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From Wikipedia, the free encyclopedia

Dame Beryl Bainbridge
Born 21 November 1932 (1932-11-21) (age 77)
Liverpool, England
Occupation Novelist
Nationality British

Dame Beryl Margaret Bainbridge, DBE (21 November 1932, Liverpool[1][2]) is an English novelist.

A five-time nominee for the Booker Prize, Bainbridge has never won. She has nonetheless been described as "a national treasure".[3]



Bainbridge was born in Liverpool and raised in nearby Formby. Even as a small child she enjoyed writing, and by age 10 she frequently updated her diary.[4] She had elocution lessons and by 11 she was appearing on the radio alongside Billie Whitelaw and Judith Chalmers.[5] She was expelled from Merchant Taylors' Girls' School, Crosby at age 14 when she was caught with a vulgar note, written by someone else, in her pocket.[6] That summer she fell in love with a former German POW who was waiting to be repatriated. For the next six years, the couple corresponded and tried to get permission for the German man to return to Britain so they could be married. The relationship ended in 1953.[4]

The following year she married artist Austin Davies. The two divorced soon after, leaving Bainbridge a single mother of two children. She later had a third child by Alan Sharp, a daughter who is the actress Rudi Davies.[4] In 1958 she attempted suicide by putting her head in an oven.[3]

She spent her early years working as an actress and appeared in a 1961 episode of the soap opera Coronation Street playing an anti-nuclear protester.

To help fill her time, Bainbridge began to write, primarily based on incidents from her childhood. Her early novels were well-received by critics but failed to earn much money.[6] Her first novel, Harriet Said... was written at this time. It was to be her third published novel, having been rejected by several publishers, one of whom found the central characters "repulsive almost beyond belief".[7] It was published after A Weekend with Claude (1967) and Another Part of the Wood (1968).

In the late 1970s she wrote a screenplay based on her novel Sweet William. The movie version, starring Sam Waterston, was released in 1979.[8]

Her 1989 novel, An Awfully Big Adventure (1989) was adapted into a film in 1995 starring Alan Rickman and Hugh Grant.

In the 1990s Bainbridge turned to historical fiction. These novels continued to be popular with critics but were also commercially successful.[6] Among her historical fiction novels is Master Georgie set in the Crimean War, for which she won the 1998 James Tait Black Memorial Prize for fiction.

Her most recent novel, According to Queeney is a fictionalized account of the last years of the life of Samuel Johnson as seen through the eyes of Queeney Thrale, eldest daughter of Henry Thrale and Hester Thrale, and received wide acclaim.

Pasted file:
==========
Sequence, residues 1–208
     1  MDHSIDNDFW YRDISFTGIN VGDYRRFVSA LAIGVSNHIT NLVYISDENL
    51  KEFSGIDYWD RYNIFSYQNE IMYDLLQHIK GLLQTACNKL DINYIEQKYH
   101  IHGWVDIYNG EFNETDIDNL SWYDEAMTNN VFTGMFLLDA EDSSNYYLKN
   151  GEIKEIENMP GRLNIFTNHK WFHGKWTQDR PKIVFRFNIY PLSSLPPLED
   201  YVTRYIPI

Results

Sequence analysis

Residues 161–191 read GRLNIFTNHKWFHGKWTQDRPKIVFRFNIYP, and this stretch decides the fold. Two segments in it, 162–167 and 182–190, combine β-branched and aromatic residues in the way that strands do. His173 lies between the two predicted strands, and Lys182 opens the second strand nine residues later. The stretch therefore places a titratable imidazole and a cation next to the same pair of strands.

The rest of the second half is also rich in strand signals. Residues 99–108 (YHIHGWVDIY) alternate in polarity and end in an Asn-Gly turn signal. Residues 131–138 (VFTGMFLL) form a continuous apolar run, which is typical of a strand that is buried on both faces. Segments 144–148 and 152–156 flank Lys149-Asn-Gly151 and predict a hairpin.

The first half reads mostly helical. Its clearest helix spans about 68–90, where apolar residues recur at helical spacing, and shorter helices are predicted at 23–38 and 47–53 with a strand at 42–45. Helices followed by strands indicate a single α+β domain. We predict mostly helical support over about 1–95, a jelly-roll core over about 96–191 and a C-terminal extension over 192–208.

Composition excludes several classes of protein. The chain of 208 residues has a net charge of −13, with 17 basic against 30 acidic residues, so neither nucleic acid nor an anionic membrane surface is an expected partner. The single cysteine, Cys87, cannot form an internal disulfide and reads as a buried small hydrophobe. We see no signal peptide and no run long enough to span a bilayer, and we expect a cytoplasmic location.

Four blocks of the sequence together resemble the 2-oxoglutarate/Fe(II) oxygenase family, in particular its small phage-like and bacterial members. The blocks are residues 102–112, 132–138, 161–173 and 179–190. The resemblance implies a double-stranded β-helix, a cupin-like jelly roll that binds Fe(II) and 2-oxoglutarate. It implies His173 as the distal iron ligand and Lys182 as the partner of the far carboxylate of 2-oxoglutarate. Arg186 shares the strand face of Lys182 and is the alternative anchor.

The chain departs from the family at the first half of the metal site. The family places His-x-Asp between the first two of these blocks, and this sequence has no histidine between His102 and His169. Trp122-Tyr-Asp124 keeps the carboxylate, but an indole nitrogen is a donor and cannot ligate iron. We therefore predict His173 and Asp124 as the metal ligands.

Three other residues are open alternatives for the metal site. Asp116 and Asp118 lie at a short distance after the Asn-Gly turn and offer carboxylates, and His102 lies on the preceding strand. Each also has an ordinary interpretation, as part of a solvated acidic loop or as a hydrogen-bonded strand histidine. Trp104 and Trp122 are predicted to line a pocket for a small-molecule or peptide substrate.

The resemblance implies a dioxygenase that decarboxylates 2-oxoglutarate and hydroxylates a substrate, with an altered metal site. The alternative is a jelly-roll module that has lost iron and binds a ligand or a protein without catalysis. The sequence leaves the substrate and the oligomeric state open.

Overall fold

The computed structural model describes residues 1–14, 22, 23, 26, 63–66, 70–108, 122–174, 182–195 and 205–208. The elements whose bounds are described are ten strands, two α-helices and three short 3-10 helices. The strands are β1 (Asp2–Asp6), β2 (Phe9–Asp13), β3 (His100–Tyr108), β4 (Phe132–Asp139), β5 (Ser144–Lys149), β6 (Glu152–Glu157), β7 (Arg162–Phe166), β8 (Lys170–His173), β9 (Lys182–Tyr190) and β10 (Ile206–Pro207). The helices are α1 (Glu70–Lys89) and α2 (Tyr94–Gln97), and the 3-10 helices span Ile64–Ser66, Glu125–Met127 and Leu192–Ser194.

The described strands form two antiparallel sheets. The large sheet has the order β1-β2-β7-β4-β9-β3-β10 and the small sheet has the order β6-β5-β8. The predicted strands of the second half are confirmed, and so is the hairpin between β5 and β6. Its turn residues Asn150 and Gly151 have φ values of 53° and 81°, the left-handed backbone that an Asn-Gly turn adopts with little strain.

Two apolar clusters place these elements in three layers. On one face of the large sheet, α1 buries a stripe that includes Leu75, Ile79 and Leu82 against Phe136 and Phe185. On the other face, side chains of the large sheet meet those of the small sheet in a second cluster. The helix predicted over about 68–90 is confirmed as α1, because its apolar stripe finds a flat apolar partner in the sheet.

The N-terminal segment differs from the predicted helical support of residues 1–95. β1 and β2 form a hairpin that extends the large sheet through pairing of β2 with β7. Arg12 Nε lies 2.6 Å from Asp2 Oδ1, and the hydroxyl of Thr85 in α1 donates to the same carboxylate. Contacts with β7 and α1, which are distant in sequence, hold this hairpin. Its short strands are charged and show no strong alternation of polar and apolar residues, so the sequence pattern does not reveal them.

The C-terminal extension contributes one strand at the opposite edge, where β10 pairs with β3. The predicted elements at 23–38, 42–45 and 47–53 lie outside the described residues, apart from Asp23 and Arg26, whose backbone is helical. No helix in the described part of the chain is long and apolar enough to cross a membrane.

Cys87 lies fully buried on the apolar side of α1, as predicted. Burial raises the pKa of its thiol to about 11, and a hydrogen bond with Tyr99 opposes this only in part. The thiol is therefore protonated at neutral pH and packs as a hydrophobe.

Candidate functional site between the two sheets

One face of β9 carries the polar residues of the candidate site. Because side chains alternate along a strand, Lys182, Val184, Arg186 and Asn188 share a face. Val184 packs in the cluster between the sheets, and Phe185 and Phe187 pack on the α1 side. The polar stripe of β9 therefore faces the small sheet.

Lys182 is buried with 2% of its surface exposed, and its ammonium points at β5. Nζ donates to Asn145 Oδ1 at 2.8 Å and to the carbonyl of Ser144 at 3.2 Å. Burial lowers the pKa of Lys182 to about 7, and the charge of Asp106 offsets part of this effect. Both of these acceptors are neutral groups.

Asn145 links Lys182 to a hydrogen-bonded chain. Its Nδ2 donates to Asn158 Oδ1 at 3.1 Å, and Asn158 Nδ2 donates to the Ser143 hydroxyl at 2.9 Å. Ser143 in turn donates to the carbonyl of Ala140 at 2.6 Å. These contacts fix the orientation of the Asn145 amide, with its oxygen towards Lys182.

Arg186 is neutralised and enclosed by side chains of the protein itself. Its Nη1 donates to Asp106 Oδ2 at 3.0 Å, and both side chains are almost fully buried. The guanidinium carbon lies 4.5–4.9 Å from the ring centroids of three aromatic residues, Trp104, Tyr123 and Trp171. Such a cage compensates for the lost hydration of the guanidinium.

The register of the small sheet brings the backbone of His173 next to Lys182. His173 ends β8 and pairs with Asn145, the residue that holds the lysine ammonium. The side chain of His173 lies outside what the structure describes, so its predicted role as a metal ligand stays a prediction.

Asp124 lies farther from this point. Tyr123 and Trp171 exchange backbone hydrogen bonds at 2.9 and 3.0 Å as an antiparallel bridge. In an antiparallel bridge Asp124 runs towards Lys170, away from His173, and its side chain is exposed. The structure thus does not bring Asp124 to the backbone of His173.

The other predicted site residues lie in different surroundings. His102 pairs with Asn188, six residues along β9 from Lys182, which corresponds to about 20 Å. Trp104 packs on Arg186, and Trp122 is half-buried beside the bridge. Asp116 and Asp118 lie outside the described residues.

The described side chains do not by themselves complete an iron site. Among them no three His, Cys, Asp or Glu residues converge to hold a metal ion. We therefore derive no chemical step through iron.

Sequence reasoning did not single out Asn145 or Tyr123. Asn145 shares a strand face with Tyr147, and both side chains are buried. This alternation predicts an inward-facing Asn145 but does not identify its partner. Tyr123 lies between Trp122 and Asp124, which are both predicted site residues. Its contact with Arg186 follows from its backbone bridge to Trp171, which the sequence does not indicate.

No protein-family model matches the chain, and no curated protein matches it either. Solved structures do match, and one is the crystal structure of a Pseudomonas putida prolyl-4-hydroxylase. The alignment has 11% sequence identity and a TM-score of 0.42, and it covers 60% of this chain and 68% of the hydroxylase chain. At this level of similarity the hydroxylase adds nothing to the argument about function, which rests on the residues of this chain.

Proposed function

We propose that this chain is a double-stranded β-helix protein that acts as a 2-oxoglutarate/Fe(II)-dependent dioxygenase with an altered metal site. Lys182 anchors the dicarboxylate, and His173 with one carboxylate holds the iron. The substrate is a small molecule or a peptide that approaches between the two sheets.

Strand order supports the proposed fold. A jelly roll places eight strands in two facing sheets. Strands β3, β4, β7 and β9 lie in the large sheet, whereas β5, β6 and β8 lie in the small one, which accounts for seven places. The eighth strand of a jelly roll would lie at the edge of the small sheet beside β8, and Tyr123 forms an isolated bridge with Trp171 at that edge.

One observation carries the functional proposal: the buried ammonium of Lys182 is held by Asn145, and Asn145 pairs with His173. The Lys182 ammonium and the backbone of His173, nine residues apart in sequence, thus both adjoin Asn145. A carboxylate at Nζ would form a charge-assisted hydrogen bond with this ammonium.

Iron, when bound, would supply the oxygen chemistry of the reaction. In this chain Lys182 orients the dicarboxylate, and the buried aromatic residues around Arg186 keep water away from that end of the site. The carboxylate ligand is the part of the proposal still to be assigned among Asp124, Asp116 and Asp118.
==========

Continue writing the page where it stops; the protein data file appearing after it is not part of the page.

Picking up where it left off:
Since the 1990s, Bainbridge has also served as a theatre critic for the monthly magazine The Oldie. Her reviews rarely contain negative content, and are usually published after the play has closed.[6]

In 2003 she was awarded the David Cohen Prize for Literature together with Thom Gunn. In 2005, the British Library acquired many of Bainbridge's private letters and diaries.[4]

In June 2001 Bainbridge was awarded an honorary degree by the Open University as Doctor of the University.

Throughout the year 2007, Charlie Russell produced a documentary, "Beryl's Last Year", about the life his grandmother, Beryl Bainbridge. Beryl believed she was destined to die aged 71, like her father, mother and nine other relatives. The documentary detailed her upbringing and attempts write a final novel Dear Brutus, which she decided to leave unfinished. It was aired in the United Kingdom on BBC Four.

In 2009, she donated the short story Goodnight Children, Everywhere to Oxfam's 'Ox-Tales' project, four collections of UK stories written by 38 authors. Her story was published in the 'Air' collection.[9]




Short stories

  • Mum and Mr Armitage (1985)
  • Collected Stories (1994)


  • English Journey (1984)
  • Forever England: North and South (1987)
  • Something Happened Yesterday (1993)
  • Front Row: Evenings at the Theatre (2005)


External links


Up to date as of January 14, 2010

From Wikiquote

Dame Beryl Margaret Bainbridge DBE (born 1932-11-21) is an English novelist who has been shortlisted five times for the Booker Prize.


  • I am of the firm belief that everybody could write books and I never understand why they don't. After all, everyone speaks. Once the grammar has been learnt it is simply talking on paper and in time learning what not to say.
    • James Vinson & D. L. Kirkpatrick (eds.), Contemporary Novelists, 2nd edition, (London: St. James Press, 1976). [1]
  • Being constantly with the children was like wearing a pair of shoes that were expensive and too small. She couldn't bear to throw them out, but they gave her blisters.
    • Injury Time (London: Abacus, [1977] 2003) ch. 4, pp. 41-42.
  • Everything else you grow out of, but you never recover from childhood.

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